I cleared her nose of the sack and some fluid ran out, Bruce said to tickle it with a straw, he was busy removing the chains. Fancy was still down and had no intention of getting up. The calf sneezed and took a breath, then another, she rolled her eyes and sucked her swollen tongue into her mouth.


We carried her out of the way into a pile of shucks and went back to Fancy. He opened the headgate but she still had no desire to get up. I rubbed her head, she smelled my arm, which was covered in her baby's fluid and licked me, that was a good sign. I took all the ob stuff out to clean it up and when I got back, Bruce had Fancy up and she was smelling the calf and "M,M,M,M-ing," just what we want to hear.

That calf was amazing, for that tough a birth, she was so alert and within 5 minutes she was struggling to sit up on her chest. Fancy was intent on cleaning her up and making her respectable for all the visitors she was sure would be coming later.

With gifts.

We looked in both of them several times that afternoon and by evening the baby was up and nursing and took a big dump, a great sign that things were moving. This morning baby #9 has her own ear tag, is clean and shiny was a newly minted coin.

And very sweet!

This is the calf puller, the first time a vet came to our house for a difficult birth and unloaded this out of his truck, I went to the house. I didn't want to be anywhere near when he used it, it looked like an instrument of torture. I have come to accept it and I even used it myself once when Bruce wasn't home and everything has it's place.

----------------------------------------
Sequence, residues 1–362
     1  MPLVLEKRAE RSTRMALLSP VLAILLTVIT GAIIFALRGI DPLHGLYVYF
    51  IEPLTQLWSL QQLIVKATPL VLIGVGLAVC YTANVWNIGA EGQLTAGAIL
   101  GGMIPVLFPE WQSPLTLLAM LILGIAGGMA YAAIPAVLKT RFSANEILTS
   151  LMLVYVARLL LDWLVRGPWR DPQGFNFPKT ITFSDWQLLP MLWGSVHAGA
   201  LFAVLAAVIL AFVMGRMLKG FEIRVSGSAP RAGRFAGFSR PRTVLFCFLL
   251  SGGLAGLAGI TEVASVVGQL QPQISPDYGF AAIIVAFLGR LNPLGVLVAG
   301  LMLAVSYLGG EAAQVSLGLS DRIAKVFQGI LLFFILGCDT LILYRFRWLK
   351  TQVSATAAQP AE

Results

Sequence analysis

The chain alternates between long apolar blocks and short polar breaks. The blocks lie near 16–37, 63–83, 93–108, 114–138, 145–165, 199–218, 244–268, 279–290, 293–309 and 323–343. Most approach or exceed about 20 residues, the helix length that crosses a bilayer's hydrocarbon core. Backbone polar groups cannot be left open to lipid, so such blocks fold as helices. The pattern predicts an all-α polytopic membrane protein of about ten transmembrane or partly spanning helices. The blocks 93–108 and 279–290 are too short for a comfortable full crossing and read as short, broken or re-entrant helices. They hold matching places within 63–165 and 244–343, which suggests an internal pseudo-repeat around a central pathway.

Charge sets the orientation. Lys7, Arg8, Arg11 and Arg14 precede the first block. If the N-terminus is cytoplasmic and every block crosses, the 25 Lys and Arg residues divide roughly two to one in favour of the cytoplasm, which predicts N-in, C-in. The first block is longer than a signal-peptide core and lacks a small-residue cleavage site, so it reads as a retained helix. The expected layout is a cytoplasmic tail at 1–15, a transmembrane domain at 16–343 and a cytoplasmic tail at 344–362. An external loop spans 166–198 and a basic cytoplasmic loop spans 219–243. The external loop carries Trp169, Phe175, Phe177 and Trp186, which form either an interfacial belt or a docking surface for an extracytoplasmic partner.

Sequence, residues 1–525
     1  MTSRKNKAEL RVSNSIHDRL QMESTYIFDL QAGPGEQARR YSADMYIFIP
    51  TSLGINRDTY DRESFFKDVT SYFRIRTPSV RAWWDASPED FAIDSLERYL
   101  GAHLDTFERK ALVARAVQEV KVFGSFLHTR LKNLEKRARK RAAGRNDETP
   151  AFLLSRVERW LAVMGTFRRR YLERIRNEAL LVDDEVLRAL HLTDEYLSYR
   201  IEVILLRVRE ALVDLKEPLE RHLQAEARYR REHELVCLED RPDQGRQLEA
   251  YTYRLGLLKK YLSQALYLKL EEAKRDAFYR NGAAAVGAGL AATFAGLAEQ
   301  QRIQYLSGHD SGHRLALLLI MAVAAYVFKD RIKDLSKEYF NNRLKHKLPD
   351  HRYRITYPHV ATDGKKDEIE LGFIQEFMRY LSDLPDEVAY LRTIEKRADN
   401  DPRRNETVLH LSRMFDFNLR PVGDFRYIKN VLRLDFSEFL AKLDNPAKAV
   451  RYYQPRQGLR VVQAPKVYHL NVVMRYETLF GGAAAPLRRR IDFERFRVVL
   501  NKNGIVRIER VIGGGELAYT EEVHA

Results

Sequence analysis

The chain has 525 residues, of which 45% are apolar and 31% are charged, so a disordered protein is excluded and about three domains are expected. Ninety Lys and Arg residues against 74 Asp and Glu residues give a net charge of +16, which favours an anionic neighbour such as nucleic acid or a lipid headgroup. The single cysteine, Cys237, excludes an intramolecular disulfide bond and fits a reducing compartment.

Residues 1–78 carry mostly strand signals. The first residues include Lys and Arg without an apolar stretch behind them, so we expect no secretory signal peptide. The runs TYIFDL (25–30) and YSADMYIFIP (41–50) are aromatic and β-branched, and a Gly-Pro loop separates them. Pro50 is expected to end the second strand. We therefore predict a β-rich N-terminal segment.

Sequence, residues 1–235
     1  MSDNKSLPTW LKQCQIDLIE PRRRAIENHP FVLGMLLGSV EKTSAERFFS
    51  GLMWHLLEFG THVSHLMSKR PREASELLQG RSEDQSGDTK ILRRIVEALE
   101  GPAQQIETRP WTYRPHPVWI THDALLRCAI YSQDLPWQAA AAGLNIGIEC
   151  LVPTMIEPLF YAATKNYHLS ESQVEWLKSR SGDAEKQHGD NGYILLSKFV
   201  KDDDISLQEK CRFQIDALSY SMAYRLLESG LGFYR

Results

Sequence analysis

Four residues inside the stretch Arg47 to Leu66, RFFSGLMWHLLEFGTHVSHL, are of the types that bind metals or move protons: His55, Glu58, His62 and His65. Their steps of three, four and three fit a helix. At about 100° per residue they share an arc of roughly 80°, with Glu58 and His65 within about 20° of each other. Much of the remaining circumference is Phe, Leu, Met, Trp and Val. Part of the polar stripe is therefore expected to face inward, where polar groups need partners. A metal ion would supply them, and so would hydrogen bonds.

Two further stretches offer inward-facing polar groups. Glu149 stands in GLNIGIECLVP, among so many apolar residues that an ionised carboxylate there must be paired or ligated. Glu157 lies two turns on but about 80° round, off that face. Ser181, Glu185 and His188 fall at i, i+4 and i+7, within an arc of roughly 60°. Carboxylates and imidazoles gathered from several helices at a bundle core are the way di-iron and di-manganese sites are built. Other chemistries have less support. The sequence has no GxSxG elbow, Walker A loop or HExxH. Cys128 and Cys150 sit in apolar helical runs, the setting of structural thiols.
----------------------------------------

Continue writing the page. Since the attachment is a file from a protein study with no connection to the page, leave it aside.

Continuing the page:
The 'U' shaped iron goes behind the cow's back end for something to pull against, the blue end is the jack, it is usually about 18 inches or so from the 'U' iron, the OB chains are laying there and hook to that piece sticking out on the left side. When everything is in place, you jack slowly but firmly with the blue lever. This calf was so big, Bruce was at the end of the jack when she finally came out, the end of the line!


It saved this beautiful calf, she is a girl so I'm already thinking she should be a future cow, and our lovely Fancy, neither seem any worse for wear after all that drama.

But we were haunted with the 'what if's'?

What if we'd decided to dink around in town?

What if I'd insisted on keeping the tractor here when we got home?

What if Bruce was not so focused on cleaning their yard?

I truly believe these were no accidents, that God had a hand in guiding us yesterday. We were where we were supposed to be.

Thank you, God.

1 comment:

  1. I'm very happy with you that the calf was born alive and accepted by the lovely Fancy. I remember seeing Bruce and vet Mark pulling a calf, I have never seen anything so tortuous, I had to keep turning away. It is a miracle indeed that you guys were there at the right time. Bruce must have been exhausted if he was at the end of the line with that jack, what a lot of work!! For both of you!!!!